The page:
Effect of Mutation in NMDA Receptor Proteins resulting in Neurological Disorders

Sooraj Shah ’24

Figure 1: The mutations affecting NMDA receptors are rooted in the brain

Neurological disorders affect 25 million people in the United States, which makes the study of NMDA receptors increasingly important. NMDA receptors are key contributors to regulation of memory and behavior in the human brain. NMDA (N-methyl-D-aspartate) receptor proteins are transmembrane proteins, and are in a subset of Ionotropic glutamate receptors (iGluRs), which contain 4 helices, the most significant of which is the M4 channel helix in which a glycine regulates ionic gate function. Random change of NMDA receptor gene structure results in de novo missense mutations, which inhibit the function of these glycine-regulated ion channels within the transmembrane. This in turn delays neurological development due to the resulting blockage of Ca²⁺, which act as messengers in the neurological structure of the brain. The focus of the study was to examine the effect of specific mutations on cell receptor gating, as prevention of the “de novo”  mutation can uncover possible new treatment for neurological disorders such as autism, epilepsy, and schizophrenia.

As with all proteins, NMDA receptors are characterized by the lifespan of their open state. An extraneous cell culture solution optimizing NMDA activity was applied to a set of mutated iGluRs units to find which were most affected by measuring their deactivation periods. Furthermore, the effect of the glycine chain substitution was tested on two specific iGluRs units, GluN2A and GluN2B.   This method revealed that the deactivation periods of the NMDA receptor were rapidly increasing, a sign that the mutation was causing a drastic effect on the glycine-regulated ionic channels. Upon further examination, the glycine was found to act as a door, allowing calcium ions to flow across the membrane. The mutation alters the structure of this glycine, leading to decreased neurological capability. In addition, the observed channel activity yielded little to no activity. This means the affected NMDA receptors were heavily contributing to the decreased neurological activity in the brain. The mutation also resulted in a glycine to alanine side chain substitution, which greatly minimizes the lifespan of the receptor. Since glycine offers the flexibility for the opening and closing of the channels, substitution of the glycine to alanine shortened the receptor’s longevity and shortened the length of the time the channels were open for. This shows that glycine was greatly responsible for pore regulation as part of the NMDA receptor.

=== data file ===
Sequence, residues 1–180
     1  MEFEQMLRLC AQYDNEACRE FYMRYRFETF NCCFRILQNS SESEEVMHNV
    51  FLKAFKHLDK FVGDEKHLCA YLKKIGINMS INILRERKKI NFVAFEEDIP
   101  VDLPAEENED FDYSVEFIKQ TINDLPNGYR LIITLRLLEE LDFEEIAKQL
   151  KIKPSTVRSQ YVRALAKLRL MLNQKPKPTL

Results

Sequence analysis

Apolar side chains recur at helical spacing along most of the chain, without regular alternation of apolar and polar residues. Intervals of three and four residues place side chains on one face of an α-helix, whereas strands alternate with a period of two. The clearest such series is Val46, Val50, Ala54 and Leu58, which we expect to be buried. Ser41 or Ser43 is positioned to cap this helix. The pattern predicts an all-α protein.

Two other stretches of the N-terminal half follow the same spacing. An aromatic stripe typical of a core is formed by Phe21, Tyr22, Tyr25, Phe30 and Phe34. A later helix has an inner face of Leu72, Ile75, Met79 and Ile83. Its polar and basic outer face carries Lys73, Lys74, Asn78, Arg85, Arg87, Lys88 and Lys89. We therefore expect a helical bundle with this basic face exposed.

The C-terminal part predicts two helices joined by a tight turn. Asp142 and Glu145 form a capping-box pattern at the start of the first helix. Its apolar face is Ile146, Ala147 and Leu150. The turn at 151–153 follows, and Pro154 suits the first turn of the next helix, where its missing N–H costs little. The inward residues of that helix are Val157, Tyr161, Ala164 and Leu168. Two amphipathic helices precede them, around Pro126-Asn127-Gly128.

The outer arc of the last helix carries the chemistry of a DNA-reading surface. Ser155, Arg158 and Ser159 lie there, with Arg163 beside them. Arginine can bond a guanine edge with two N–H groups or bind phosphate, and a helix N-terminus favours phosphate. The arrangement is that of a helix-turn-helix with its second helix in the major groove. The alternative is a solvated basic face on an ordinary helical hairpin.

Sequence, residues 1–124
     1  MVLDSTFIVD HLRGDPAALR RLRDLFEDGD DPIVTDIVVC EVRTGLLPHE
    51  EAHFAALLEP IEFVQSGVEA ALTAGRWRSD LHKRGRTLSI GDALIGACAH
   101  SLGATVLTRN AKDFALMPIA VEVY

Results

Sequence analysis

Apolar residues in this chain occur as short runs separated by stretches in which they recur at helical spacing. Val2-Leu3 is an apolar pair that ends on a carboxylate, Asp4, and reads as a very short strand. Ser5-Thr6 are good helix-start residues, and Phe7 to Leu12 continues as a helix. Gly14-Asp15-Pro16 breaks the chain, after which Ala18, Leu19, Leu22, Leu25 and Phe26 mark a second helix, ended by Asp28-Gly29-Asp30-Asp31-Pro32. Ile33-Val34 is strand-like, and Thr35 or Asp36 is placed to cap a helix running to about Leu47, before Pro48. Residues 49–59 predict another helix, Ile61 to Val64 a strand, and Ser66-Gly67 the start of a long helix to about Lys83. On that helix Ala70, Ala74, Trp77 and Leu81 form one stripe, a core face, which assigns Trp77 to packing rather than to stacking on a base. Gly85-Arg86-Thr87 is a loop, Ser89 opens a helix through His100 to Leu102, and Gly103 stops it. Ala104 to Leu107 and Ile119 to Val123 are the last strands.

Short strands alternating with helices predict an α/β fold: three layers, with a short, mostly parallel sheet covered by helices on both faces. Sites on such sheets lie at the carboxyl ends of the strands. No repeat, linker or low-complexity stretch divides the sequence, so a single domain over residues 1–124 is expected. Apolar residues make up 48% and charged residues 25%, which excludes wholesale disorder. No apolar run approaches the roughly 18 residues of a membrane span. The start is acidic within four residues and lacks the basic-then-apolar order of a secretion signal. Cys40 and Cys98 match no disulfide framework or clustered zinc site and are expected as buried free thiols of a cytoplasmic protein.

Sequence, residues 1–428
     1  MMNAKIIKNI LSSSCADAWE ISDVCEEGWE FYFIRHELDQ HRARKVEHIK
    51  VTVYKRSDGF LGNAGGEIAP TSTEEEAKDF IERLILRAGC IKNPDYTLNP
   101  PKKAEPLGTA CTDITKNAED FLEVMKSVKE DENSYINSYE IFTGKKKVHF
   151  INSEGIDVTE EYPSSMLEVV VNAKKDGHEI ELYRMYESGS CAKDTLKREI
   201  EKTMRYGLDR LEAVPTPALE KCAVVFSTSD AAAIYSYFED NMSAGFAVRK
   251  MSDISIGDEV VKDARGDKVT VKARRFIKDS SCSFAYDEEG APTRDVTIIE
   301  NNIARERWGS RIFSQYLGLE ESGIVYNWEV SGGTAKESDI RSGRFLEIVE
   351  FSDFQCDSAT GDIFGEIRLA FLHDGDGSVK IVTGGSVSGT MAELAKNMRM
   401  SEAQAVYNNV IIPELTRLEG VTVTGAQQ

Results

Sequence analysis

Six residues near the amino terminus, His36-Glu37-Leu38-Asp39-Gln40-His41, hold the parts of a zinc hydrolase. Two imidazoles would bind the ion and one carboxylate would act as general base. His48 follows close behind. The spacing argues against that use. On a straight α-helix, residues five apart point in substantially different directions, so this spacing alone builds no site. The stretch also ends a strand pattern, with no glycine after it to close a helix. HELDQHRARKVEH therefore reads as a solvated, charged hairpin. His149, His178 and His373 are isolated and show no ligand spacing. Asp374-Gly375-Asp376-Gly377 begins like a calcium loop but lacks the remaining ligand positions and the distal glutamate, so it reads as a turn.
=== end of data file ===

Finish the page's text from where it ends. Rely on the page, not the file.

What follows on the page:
Understanding that missense mutations within the NMDA proteins in the brain heavily contribute to serious disorders is a key factor to finding a proper treatment. For example, since iGluRs units are expressed throughout adulthood, finding a way to stop the expression of the mutation or discovering a way to widen the period of functionality of ion channels is the next step to preventing these disorders. 

Works cited:

[1] L. Wollmuth et. al., A conserved glycine harboring disease-associated mutations permits NMDA receptor slow deactivation and high Ca²⁺ permeability. Nat. Commun 9, (2018) doi: https://doi.org/10.1038/s41467-018-06145-w

[2] Image retrieved from: https://images.unsplash.com/photo-1559757175-5700dde675bc?ixlib=rb-1.2.1&ixid=eyJhcHBfaWQiOjEyMDd9&auto=format&fit=crop&w=1489&q=80


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